10. I like to wear t-shirts to work: anything with the name of my school.
  11. I loved playing basketball as a kid.
  12. My favorite drink is coffee, preferably from McDonald’s.
  13. I like to watch Netflix in bed on my phone.
  14. I am a Capricorn (not that I believe in that stuff).
  15. I have one brother.
  16. I once was the director of a crisis hotline.
  17. My wife would likes to say I used to be a good listener.
  18. I like to faint when she gives me a compliment.
  19. I like to eat D’s noise reduction headphones.
  20. My wife thinks I have autism.
  21. I like to lose myself in art.

 

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Malibu Wine Safari

Written By: Scot Butwell - Mar• 26•17

stanley_kimberlylucas

Last year, between Christmas and New Year’s Eve, D and I boarded a former World War II navy vessel (USS Iowa), walking around to burn off excess calories from eating too much food during the holidays.

This year, on a picturesque ranch in the rolling hills of Malibu, we hopped aboard a custom-built, open-air jeep with tiered seats to see and feed exotic animals like yaks, llamas, alpacas, zebras, bulls, and more.

Between the USS Iowa and Malibu Wine Safari, it was interesting walking aboard history on a retired war ship, but we loved seeing the exotic animals and being amid the peaceful serenity on the ranch much better.

We discovered the yaks, alpacas and llamas were the friendliest and hungriest. They jockeyed for position, stuck their long necks over a fence, and ate lettuce and carrots straight from our hand.

malibu-wine

The bulls and zebras, at least the day we visited, were not hungry. It was fun, but a bit nerve jostling, to be only two feet away from a large bull, even separated as D and I were by a white-picket fence.

The large bull, standing beside a smaller one who was likely his son or daughter, grunted when I offered him some lettuce. But, perhaps, this was animal talk: a goodwill grunt or his way to say “thanks, but no thanks.”

The llamas had funny names like Dali Lama and Michelle O’Lama, and two Tibetan Yaks went by Yakkity Yak and Don’t Talk Back, and the most famous of all, Stanley the giraffe, was in the movie The Hangover III.

A few days after our visit, D and I were reading the story of Daniel and the lions den in the bible, and when I asked him a question, he suddenly started talking about the animals we’d seen from the safari.

“Have you ever seen Stanley on tv?” D asked. “The giraffe with the giant neck. He’s seven years old, but he’s pretty big.”

bull

“No, I haven’t seen him on tv. Did you like him?”

“He’s nice.”

D went on: “The bull snorted and made grunting noises. I was like ‘oh, my gosh’….he was scary. I was trying not to be afraid, but I lost my grip.”

“I was a little scared myself.”

“Bulls are strong…I wish I was a bull. There was a zebra [actually two]. JC said to be careful because they might bite… You remember JC?”

“Yeah, he was our tour guide.”

“Mike was our driver. Yaks are sort of like alpacas. They spit.”

alpaca

“Remember when the alpaca in Evan Almighty spit on Congressmen Long.”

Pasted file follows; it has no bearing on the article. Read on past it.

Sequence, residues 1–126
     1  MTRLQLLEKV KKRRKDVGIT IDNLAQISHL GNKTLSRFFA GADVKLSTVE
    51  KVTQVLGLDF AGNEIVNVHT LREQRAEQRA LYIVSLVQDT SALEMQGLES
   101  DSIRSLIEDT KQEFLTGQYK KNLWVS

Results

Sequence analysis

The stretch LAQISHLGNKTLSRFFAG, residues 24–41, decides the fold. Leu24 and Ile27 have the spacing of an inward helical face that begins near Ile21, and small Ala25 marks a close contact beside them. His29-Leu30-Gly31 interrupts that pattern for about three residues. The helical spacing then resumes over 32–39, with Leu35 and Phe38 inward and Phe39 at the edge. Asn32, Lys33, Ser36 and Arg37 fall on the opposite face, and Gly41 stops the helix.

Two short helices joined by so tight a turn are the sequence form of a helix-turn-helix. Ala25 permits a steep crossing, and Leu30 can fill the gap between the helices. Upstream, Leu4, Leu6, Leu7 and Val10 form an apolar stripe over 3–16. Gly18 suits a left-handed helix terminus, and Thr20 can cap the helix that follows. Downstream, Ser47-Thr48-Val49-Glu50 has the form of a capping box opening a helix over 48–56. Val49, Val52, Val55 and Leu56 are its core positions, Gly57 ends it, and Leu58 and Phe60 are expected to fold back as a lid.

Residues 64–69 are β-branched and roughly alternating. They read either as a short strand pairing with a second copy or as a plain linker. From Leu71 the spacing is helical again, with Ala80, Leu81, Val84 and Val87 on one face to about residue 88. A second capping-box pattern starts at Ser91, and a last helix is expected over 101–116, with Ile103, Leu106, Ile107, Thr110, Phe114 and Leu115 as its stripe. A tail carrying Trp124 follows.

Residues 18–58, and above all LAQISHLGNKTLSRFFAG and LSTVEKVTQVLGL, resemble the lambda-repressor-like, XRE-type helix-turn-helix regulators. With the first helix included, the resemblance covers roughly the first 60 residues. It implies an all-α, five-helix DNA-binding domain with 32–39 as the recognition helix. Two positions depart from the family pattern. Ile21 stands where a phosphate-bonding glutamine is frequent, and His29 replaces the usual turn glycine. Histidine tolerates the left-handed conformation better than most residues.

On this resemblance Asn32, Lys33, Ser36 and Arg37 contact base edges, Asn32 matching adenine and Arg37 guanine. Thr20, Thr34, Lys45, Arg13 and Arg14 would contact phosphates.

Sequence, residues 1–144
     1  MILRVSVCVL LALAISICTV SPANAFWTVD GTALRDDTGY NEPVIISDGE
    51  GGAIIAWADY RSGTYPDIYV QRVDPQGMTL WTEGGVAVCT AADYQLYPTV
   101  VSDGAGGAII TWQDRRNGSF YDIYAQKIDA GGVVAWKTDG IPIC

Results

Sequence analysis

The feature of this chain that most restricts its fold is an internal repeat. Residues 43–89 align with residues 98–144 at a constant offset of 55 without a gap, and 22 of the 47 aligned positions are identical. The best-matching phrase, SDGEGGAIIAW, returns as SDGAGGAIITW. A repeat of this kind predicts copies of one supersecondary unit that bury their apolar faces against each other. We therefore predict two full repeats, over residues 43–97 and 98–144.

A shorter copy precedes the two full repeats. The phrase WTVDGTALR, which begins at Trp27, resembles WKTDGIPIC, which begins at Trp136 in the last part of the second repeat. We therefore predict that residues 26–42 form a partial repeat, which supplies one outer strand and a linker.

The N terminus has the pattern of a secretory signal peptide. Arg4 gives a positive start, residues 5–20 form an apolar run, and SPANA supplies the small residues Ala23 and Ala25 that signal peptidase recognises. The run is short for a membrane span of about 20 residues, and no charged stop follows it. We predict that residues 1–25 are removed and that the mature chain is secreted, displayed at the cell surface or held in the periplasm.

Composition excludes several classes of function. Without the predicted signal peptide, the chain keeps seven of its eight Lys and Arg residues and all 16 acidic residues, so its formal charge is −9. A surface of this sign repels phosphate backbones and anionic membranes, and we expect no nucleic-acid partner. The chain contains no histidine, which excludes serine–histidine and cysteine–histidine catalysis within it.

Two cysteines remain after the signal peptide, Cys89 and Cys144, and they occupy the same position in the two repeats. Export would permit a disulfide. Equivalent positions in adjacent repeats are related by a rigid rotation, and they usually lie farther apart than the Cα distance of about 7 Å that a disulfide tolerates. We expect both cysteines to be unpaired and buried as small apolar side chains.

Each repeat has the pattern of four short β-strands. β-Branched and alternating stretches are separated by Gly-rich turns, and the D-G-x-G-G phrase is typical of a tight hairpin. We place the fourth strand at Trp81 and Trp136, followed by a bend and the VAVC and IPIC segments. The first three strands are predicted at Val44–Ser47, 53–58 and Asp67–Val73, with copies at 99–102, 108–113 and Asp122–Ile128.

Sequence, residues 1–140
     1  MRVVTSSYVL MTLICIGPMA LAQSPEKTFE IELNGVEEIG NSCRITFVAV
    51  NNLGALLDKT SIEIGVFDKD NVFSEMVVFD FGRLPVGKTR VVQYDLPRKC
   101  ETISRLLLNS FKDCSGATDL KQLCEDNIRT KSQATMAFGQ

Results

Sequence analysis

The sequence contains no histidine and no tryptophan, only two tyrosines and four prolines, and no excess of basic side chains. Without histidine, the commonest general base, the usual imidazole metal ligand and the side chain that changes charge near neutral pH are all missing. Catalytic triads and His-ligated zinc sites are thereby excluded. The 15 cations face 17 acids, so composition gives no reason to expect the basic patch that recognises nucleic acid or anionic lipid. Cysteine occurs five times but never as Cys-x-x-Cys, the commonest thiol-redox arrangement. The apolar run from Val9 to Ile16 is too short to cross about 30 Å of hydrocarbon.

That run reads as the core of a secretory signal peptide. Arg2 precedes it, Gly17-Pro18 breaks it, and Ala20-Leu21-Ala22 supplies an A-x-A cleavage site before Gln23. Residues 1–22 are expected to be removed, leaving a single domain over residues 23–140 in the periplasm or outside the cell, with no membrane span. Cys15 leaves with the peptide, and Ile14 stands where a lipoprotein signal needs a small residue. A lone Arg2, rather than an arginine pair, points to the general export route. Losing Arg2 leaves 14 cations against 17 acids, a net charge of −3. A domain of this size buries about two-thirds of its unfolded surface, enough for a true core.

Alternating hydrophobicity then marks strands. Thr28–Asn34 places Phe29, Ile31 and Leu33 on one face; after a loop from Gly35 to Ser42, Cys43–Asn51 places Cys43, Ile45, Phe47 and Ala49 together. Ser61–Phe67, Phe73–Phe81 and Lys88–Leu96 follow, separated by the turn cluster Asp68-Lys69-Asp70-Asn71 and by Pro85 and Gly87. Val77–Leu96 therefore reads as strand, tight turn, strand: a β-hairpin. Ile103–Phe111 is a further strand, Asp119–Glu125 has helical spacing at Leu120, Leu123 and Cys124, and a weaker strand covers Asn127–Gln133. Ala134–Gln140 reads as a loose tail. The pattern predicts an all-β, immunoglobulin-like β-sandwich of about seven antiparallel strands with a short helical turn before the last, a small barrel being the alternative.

“Yeah, that was so funny.”

Sometimes, it can feel like prying information from a crime suspect when I ask D about his day at school. I often get nothing. So our conversation about the safari was a unexpected downpour of rain during a drought.

I loved it!

JC told us about tv shows (The Bachelor and The Biggest Loser) that have shot episodes on the ranch, celebrity visitors (Kobe Bryant, Kim Kardashian), as well as the history of the ranch and winery.

tour guide

Twenty years ago, the patriarch of Malibu Family Wines, Ron Semler, 74, toured South Africa, Botswana and Zimbabwe with his extended family–wife Lisa, nine children, five grandchildren, and their spouses, and their extended families.

He had already purchased several exotic animals to educate his children on wildlife, and inspired by safaris his family went on in Africa, it dawned on him that a safari could pair well with wine tastings.

His oldest daughter was skeptical of his idea, so Semler tabled it. But in 2013, his son, Dakota, then a 20-year-old college student, decided to give his dad’s wine safari idea a go, and he is now the CEO

Malibu Family Wines offers wine safari tours seven days a week. The family wine safari is available only on weekdays (kids must be seven), and you must book the Giraffe tour to meet Stanley.

For two city guys, D and I enjoyed the winding tour through picturesque hillsides covered with rows of grapevines, unusual rock formations, gorgeous look-outs, and funky art installations.

malibu

One rock formation is the shape of a horse saddle. Hence, the name Saddlerock Ranch and Vineyard for Malibu Family Wines’ 1,000 acre property which includes 800 acres of grape vines.

Our tour ended in a grassy area surrounded by vintage trailers for a wine tasting (two wines + lemonade for kids), coupled with crackers and cheese, with a beautiful view of the Conejo Valley.

wine

Our group didn’t talk much to each other. One family was from Korea, and another from Massachusetts, but I think we were blown away by the peaceful serenity of Saddlerock Ranch to want to talk.